Small-Bowel Obstruction – Parham Doctors’ Hospital

Small-Bowel Obstruction – Parham Doctors’ Hospital

(somber music) – Hi, I’m Dr.Schroder. I’m a general surgeon with Advanced Surgical
Partners of Virginia. A small bowel obstruction is when the bowel inside
your abdomen gets kinked, kinda like the hose in
your yard gets kinked. And water will either pass
slowly through it or not at all. Small bowel obstructions
occur commonly in patients who have had previous surgery, such as gallbladder surgery, appendix, total abdominal hysterectomy,
or some type of bowel surgery. The symptoms of a bowel obstruction at first may not be very serious or even concerning to the patient. Patients may have crampy abdominal pain, but eventually everything goes through, and they have normal bowel movements. Not infrequently, though,
patients will develop crampy abdominal pain
that goes onto nausea, vomiting, and abdominal distention. These are the characteristic signs of small bowel obstruction. Once these symptoms occur, you should be seen by your
primary care physician or go immediately to the
emergency room for treatment. Most small bowel obstructions
can be treated conservatively. These are treated with an NG tube, which is a small, thin tube
that has an opening on it that is passed through
the nose into the stomach to allow contents to be
evacuated from the stomach and allow the bowel to unkink. Kinda like the hose in
your yard gets unkinked, and water then goes through it. With an NG tube in place for
approximately 24 to 48 hours, most patients will see improvement in their symptoms, less distention. Their nausea and vomiting will go away, and they will start to
have bowel movements. At that point, the NG tube
can be clamped or removed, and the patient can start a
diet, usually clear liquids, and be advanced back to regular
food without difficulty. Often the small bowel
obstruction will not reoccur, and patients can go on and live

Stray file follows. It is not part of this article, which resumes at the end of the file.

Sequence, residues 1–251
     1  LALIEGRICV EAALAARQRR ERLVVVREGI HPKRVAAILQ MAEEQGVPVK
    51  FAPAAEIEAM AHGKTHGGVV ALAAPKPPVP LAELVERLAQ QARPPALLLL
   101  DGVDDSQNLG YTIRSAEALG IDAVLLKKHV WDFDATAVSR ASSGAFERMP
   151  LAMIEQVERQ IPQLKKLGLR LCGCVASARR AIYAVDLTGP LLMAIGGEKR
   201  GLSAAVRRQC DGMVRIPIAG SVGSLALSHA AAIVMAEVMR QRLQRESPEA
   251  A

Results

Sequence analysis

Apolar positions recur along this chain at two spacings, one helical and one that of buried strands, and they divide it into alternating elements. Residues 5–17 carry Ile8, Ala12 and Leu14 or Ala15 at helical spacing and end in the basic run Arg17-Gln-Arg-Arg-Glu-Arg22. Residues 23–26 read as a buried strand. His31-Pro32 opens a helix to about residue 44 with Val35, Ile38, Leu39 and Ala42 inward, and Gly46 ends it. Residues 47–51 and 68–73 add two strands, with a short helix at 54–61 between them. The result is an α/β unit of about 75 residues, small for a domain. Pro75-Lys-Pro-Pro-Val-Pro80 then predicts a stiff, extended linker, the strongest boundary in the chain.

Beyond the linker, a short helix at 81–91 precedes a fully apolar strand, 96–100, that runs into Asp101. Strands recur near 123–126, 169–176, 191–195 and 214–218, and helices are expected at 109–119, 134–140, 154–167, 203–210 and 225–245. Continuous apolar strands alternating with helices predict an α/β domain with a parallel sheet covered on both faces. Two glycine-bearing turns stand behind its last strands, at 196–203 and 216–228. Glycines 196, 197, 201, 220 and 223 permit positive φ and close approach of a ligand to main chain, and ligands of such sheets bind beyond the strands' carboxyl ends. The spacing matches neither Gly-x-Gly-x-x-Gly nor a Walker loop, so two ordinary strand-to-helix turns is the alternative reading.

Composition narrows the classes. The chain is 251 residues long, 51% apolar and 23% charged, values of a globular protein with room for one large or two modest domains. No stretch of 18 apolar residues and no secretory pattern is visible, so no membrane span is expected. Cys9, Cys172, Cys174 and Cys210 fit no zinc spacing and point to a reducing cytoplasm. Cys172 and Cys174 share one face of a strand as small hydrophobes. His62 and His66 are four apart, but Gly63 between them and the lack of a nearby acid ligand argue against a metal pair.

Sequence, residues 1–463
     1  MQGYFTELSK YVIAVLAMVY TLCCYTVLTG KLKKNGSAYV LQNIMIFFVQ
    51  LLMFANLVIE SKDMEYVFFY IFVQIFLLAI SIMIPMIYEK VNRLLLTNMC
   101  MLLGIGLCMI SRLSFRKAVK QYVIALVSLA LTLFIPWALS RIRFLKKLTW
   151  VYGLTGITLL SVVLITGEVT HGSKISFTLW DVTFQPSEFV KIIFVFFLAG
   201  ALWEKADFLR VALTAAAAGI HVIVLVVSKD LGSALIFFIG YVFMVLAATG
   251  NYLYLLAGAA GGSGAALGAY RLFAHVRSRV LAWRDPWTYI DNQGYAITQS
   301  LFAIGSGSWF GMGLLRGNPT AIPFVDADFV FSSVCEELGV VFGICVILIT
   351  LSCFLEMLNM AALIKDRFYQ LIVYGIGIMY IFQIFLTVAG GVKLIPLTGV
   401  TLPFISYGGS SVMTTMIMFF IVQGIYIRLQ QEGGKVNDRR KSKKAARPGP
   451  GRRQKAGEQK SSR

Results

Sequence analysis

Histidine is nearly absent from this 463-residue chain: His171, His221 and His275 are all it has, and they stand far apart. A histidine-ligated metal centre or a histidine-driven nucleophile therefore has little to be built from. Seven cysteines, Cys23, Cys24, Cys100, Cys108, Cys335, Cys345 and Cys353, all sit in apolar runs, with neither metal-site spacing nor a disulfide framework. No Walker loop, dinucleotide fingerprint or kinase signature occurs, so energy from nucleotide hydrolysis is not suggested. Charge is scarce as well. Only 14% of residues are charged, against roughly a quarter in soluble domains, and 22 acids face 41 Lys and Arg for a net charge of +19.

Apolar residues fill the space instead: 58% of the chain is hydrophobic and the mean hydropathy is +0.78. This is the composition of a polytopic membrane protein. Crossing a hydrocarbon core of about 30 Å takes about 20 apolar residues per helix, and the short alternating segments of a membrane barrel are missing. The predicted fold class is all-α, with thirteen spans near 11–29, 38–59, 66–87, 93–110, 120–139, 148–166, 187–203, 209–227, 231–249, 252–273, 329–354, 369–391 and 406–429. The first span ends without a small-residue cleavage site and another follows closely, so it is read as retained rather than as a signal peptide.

normally without any issues. Unfortunately, sometimes the
bowel obstructive symptoms will recur, which means
they’ll get the nausea, the vomiting, and
abdominal distention back. When this occurs, even with an NG tube and decompression of the stomach, sometimes the symptoms will not go away or could even get worse. In this instance, a patient
will require surgery to unkink the bowel, which
is usually due to adhesions from the previous surgery. Often this surgery can
be done laparoscopically, using small incisions to
look inside the abdomen with a TV and a camera, find the area where the
adhesions are causing the kink, cut those adhesions, unkink the bowel, and allow the patient to
return to normal activity and a normal diet. With laparoscopic surgery,
the incisions are smaller and there is less pain. As a result, patients can go home earlier, get back to a regular diet quicker, and get back to normal activities, and even work, in a timely fashion. Unfortunately, sometimes
laparoscopic surgery cannot be done to correct
the bowel obstruction. This means that an open
incision has to be used, usually through a previous incision, if the patient has had
previous abdominal surgery. With the open technique,
we go in with our hands, and we cut the adhesions and scar tissue that may be causing the bowel obstruction. With an open procedure, however, the recovery is much longer. It’s usually a few nights in the hospital, and recovery once you go
home is a little bit longer. Instead of being able to go home earlier, have less pain, and get back
to normal activities quicker, your recovery may take two to four weeks to get back to light duty, driving, and normal activity around the house. Most patients are not able
to do any heavy lifting until six weeks, and even then, we want you to be very careful due to the risk of developing
an incisional hernia. So, in summary, patients who have had previous abdominal surgery should be aware that small bowel obstructions can occur. If you start having symptoms of belching, bloating, abdominal distention, or even nausea and vomiting, you should see your primary
care physician for evaluation. If these symptoms become worse, though, you should definitely
go to the emergency room for immediate evaluation. (somber music)

One thought on “Small-Bowel Obstruction – Parham Doctors’ Hospital

  1. Mother in hospital 75 yrs old has had small bowel obstruction for 9 days they still have the NG tube in collecting fluids. Fecal vomiting. Hallucination and confusion. She is perhaps 100 lbs not given food or water for the duration how long can this starvation/dehydration go on before they operate? Obstruction has not reduced whatsoever. History of diverticulitis, adhesions from prior surgeries.

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